February 2011, Wiley-Blackwell
- Illustrates new methodological directions in analyzing human social and biological variation
- Offers a wide array of research on past populations around the globe
- Explains the central features of bioarchaeological research by key researchers and established experts around the world
Notes on Contributors.
Series Editors' Preface.
1 Building a Social Bioarchaeology (Sabrina C. Agarwal and Bonnie A. Glencross).
Part I Materials and Meaning: The Nature of Skeletal Samples.
2 The Origins of Biocultural Dimensions in Bioarchaeology (Molly K. Zuckerman and George J. Armelagos).
3 Partnerships, Pitfalls, and Ethical Concerns in International Bioarchaeology (Bethany L. Turner and Valerie A. Andrushko).
4 The Formation of Mortuary Deposits: Implications for Understanding Mortuary Behavior of Past Populations (Estella Weiss-Krejci).
5 Representativeness and Bias in Archaeological Skeletal Samples (Mary Jackes).
Part II Social Identity: Bioarchaeology of Sex, Gender, Ethnicity, and Disability.
6 Sex and Gender in Bioarchaeological Research: Theory, Method, and Interpretation (Sandra E. Hollimon).
7 Population Migration, Variation, and Identity: An Islamic Population in Iberia (Sonia Zakrzewski).
8 Life Histories of Enslaved Africans in Colonial New York: A Bioarchaeological Study of the New York African Burial Ground (Autumn R. Barrett and Michael L. Blakey).
9 The Bioarchaeology of Leprosy and Tuberculosis: A Comparative Study of Perceptions, Stigma, Diagnosis, and Treatment (Charlotte Roberts).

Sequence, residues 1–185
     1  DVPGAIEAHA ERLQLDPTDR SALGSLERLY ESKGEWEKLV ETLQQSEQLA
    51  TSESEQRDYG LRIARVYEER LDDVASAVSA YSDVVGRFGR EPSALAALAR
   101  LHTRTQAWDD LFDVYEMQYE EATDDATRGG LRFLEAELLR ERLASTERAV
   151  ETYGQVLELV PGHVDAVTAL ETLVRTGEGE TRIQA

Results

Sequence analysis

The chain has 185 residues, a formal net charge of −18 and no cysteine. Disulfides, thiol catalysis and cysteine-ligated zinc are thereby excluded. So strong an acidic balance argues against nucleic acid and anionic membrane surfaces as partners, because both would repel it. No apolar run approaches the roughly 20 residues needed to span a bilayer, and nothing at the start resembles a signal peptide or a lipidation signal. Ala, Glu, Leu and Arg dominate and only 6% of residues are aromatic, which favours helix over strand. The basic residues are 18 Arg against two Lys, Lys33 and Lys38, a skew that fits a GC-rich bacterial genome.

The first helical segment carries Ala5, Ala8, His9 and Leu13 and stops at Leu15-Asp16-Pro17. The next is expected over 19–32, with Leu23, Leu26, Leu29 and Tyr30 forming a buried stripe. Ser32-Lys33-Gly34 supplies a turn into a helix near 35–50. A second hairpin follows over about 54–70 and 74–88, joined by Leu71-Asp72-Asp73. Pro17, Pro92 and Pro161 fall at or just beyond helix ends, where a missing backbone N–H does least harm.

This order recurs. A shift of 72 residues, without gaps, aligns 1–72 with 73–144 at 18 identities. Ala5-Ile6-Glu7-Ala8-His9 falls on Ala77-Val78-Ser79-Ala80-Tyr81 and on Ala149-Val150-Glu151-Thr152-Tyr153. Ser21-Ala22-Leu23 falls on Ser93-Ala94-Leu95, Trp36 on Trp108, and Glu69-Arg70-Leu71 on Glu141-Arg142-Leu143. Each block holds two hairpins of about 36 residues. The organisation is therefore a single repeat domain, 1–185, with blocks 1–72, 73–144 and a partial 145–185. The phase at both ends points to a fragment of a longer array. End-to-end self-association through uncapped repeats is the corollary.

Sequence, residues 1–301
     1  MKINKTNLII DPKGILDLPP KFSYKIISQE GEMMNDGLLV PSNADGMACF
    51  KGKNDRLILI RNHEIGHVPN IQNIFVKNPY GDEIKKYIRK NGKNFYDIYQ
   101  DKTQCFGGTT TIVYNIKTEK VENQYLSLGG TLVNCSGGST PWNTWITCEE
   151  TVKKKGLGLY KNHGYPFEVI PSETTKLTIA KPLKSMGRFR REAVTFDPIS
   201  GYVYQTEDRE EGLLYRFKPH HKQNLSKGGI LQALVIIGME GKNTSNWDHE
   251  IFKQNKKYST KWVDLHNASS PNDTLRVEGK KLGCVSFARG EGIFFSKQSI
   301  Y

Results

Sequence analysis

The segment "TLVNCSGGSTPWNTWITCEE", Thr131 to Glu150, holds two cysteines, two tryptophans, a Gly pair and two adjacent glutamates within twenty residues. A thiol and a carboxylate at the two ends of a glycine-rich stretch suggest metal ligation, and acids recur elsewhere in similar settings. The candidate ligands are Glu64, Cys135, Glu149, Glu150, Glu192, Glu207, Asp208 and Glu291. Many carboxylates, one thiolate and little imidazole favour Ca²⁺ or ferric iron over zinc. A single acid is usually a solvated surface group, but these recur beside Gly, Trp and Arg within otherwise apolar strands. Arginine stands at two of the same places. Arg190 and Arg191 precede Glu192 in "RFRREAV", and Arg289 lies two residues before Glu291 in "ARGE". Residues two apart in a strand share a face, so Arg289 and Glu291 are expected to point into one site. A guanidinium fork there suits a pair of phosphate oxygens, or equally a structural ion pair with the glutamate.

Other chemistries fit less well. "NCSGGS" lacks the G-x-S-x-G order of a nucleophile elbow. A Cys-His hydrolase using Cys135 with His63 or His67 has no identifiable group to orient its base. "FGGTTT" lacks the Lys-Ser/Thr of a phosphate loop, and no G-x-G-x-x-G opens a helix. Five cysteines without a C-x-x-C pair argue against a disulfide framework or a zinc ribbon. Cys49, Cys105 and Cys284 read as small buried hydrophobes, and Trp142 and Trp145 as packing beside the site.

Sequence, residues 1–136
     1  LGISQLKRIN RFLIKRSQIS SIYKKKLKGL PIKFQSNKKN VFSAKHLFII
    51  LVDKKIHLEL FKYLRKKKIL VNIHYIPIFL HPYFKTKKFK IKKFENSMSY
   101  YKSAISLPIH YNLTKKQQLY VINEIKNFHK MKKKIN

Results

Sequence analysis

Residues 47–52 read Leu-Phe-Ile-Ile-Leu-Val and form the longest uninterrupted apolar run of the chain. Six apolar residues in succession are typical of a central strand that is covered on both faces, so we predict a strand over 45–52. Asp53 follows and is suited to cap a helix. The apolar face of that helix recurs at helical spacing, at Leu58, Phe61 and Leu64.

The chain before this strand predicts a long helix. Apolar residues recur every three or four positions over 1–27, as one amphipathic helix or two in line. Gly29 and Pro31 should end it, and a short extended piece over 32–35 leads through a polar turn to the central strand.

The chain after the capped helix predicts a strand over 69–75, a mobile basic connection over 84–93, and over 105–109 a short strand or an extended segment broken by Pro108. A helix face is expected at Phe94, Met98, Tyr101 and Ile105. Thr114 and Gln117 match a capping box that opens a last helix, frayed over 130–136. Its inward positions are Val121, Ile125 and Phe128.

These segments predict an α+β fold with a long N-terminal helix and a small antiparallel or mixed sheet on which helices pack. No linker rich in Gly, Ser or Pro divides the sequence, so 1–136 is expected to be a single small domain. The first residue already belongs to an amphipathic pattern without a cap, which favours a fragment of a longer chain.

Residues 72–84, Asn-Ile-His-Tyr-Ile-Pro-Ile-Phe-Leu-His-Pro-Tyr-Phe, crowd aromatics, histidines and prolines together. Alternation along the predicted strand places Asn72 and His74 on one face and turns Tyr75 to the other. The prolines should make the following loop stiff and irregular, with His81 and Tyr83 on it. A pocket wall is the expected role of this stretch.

Part III Growth and Aging: The Life Course of Health and Disease.
10 Towards a Social Bioarchaeology of Age (Joanna Sofaer).
11 It is Not Carved in Bone: Development and Plasticity of the Aged Skeleton (Sabrina C. Agarwal and Patrick Beauchesne).
12 The Bioarchaeological Investigation of Children and Childhood (Siân E. Halcrow and Nancy Tayles).
13 Moving from the Canary in the Coalmine: Modeling Childhood in Bahrain (Judith Littleton).
14 Skeletal Injury Across the Life Course: Towards Understanding Social Agency (Bonnie A. Glencross).
15 Diet and Dental Health through the Life Course in Roman Italy (Tracy L. Prowse).
“Furthermore, despite the technical nature of many of the contributions, the overall concepts are generally presented in an organized and clear format that would not at all preclude their use in advanced undergraduate seminars.” (American Journal Physical Anthropology, 14 March 2014)"In the first instance the book is dedicated to scientists and students of Archaeology, biological Anthropology, and Palaeopathology as well as to other scientists interested in social and biological variations of man by permanent changes of the environment." (HOMO Journal of Comparative Human Biology, 2011)
"Social Bioarchaeology makes an excellent reference for this subfield, and stresses the importance of a multi-disciplinary approach at a time perhaps when anthropology needs it most." (Social Bioarchaeology, 12 April 2011)"Social Bioarchaeology puts the spotlight on the powerful and interesting story that human remains from archaeological settings tell about the human experience."
—Clark Spencer Larsen, The Ohio State University
"Decidedly embracing the concept of "holism" within
anthropology, the contributors to this book dive deep into the
human past and the intricacies of the human condition."
—Anne Grauer, Loyola University of Chicago